“What’s mine is mine; I’ll keep it” sounds smart and cagey and self-protective. In reality it is self-destructive, for it leaves us devoid of human intimacy; which is to say, it leaves us isolated, alienated, destitute.

III: “What’s mine is yours; I’ll share it”

The beaten, bleeding man lying in the road would never have expected help from a Samaritan. After all, Samaritans were half-breeds with weird religious ideas. They were as unlike the urbane citizens of Jerusalem as snake-handling hillbillies from the Ozarks are unlike us. Still, the half-breed “weirdo” shone where others did not. Our Lord tells us they exemplified a kingdom-truth: “What’s mine is yours; I’ll share it.”

Look at what the Samaritan did.

He risked himself. When he stopped to help the injured fellow he had to linger in an area frequented by cutthroats. (The men who had beaten the traveller might still be in the vicinity.) In dismounting from his horse he gave up the one means of speeding through the infested area.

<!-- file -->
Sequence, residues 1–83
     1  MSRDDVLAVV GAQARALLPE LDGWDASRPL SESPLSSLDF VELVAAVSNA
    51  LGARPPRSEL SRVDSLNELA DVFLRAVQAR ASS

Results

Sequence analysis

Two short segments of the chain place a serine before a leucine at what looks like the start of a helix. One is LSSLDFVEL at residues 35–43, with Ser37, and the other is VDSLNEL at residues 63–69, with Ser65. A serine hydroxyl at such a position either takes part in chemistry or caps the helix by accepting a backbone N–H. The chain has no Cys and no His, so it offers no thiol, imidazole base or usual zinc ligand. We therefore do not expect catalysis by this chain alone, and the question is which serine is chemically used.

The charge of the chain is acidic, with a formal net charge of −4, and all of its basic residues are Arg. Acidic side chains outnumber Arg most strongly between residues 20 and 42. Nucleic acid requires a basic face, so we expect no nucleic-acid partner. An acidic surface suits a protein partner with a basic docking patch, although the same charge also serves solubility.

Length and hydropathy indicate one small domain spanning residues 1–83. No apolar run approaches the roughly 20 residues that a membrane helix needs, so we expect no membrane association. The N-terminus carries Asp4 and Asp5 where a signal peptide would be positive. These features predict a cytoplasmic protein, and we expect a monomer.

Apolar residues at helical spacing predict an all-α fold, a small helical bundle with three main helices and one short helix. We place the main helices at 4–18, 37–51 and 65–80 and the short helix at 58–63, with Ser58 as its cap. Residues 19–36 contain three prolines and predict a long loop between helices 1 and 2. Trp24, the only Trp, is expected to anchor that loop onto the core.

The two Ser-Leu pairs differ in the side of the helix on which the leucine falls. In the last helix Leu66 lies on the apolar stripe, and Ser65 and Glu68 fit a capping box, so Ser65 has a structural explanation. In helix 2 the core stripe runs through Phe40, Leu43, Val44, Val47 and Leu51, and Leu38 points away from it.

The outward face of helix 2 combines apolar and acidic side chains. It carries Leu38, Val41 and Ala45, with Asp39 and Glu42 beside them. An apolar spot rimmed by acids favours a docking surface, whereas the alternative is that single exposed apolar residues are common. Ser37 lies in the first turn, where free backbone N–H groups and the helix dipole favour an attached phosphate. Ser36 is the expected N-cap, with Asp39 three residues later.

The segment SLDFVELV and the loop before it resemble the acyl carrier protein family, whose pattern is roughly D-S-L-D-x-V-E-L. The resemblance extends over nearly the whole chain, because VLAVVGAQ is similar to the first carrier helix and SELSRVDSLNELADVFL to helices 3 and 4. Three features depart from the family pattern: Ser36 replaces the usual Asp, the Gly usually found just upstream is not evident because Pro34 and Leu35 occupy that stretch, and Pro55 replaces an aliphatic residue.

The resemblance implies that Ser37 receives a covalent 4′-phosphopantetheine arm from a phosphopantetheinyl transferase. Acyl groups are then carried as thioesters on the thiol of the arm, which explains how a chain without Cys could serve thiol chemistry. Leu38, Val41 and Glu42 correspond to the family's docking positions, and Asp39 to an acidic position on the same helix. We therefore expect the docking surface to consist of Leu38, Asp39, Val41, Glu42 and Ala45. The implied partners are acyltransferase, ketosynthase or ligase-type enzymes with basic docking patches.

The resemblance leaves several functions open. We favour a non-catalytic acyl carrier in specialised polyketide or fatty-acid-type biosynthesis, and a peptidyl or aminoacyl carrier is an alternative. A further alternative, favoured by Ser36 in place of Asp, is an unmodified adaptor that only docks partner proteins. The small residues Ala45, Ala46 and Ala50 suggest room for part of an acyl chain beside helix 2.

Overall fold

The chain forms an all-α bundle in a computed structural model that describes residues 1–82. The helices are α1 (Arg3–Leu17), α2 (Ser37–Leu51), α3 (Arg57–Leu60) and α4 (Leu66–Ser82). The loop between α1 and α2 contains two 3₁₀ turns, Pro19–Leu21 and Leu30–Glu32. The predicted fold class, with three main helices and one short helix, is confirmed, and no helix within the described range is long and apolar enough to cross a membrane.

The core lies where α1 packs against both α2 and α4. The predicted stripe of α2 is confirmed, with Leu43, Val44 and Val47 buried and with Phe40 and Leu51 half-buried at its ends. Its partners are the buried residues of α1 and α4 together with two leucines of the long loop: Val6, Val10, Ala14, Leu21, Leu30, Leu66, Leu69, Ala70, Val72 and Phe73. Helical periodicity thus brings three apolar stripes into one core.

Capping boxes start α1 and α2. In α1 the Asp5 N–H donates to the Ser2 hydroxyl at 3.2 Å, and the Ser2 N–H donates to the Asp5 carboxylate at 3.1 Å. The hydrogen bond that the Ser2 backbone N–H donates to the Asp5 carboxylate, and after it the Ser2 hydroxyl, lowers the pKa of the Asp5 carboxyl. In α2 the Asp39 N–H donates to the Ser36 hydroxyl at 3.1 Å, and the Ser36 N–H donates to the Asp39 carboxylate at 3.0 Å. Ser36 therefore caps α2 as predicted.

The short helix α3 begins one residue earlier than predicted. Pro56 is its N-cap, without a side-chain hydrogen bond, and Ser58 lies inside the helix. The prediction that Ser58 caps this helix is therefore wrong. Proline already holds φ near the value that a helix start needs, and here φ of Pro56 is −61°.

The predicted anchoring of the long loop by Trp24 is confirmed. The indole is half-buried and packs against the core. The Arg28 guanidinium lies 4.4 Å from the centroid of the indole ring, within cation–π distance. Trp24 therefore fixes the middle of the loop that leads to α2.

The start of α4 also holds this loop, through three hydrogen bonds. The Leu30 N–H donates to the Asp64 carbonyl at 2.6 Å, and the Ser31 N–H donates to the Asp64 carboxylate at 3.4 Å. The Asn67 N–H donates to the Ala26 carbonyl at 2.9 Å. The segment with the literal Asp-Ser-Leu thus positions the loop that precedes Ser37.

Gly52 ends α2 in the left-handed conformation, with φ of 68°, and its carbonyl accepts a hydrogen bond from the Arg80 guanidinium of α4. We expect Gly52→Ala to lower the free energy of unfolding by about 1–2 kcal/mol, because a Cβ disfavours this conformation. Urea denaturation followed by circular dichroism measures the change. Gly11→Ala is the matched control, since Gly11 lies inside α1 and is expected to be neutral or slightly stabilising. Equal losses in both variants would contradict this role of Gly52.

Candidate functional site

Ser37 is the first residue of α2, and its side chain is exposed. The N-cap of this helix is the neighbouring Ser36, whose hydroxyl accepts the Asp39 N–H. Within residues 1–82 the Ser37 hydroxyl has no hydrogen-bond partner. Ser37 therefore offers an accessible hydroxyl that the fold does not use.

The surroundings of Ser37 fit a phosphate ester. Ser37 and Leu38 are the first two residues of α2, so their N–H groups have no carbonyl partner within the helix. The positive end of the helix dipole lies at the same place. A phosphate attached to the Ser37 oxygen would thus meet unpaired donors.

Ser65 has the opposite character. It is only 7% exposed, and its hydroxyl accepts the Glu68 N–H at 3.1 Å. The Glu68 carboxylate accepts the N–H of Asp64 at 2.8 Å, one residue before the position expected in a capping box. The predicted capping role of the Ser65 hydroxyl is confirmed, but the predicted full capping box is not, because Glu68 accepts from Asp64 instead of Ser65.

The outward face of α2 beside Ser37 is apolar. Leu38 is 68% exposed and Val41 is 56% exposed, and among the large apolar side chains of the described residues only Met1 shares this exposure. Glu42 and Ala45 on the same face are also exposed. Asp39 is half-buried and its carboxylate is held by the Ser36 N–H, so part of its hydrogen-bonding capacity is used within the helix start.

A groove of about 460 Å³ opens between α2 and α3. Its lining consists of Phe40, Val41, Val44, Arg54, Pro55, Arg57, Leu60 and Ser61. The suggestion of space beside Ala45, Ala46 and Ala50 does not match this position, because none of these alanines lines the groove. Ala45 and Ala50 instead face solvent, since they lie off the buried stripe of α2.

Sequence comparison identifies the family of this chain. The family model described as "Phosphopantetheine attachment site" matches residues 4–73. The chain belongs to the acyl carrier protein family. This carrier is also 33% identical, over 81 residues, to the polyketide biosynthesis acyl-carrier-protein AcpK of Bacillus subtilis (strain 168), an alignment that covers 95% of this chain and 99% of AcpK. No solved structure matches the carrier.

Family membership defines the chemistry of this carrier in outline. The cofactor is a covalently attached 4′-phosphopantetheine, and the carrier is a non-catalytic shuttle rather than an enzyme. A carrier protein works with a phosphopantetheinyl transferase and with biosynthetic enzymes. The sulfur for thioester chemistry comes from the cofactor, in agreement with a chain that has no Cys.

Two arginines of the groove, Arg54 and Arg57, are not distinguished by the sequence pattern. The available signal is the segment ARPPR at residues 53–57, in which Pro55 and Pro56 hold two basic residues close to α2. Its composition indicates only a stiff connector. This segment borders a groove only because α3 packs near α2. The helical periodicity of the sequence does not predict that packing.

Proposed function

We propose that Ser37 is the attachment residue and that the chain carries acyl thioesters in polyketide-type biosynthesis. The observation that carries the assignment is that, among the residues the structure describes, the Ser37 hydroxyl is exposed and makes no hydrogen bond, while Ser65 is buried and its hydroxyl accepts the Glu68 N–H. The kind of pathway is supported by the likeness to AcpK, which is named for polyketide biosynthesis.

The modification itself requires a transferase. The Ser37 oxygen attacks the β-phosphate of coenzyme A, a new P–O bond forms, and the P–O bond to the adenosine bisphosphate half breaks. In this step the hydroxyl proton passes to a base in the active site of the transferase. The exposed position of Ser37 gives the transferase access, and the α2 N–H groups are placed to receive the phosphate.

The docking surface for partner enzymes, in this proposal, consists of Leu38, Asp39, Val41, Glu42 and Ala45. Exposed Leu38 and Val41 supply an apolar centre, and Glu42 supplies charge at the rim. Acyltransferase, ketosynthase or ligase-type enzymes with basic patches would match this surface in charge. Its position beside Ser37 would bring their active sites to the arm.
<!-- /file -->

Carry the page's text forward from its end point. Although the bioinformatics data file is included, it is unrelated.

He rendered a personal service. He didn’t merely make a referral or phone an institution, all the while ensuring that his hands were never soiled and his clothes bloodstain-free. Instead he rendered a personal service as soon as compassion electrified his heart. He knew the difference between social assistance and self-involvement.

He made a costly sacrifice. Certainly he was late for his appointment — may have missed it entirely — when he carted the victimized man to an inn and spend the night there too. Certainly he paid for the night’s accommodation (times two) out of his own pocket. Certainly his clothes had to be dry-cleaned if not replaced.

And all of this he did anonymously, not wishing to be recognized or congratulated or bemedalled or made a fuss of in any way. Neither did he exploit the opportunity of helping the helpless as an occasion for drawing attention to himself.

Perhaps the biggest sacrifice he made was simply fighting down deep-dyed prejudice and loathing when he, a Samaritan, came to the assistance of a despised Jew.

“What’s mine is yours; I’ll share it.”

                                                                                                    Victor Shepherd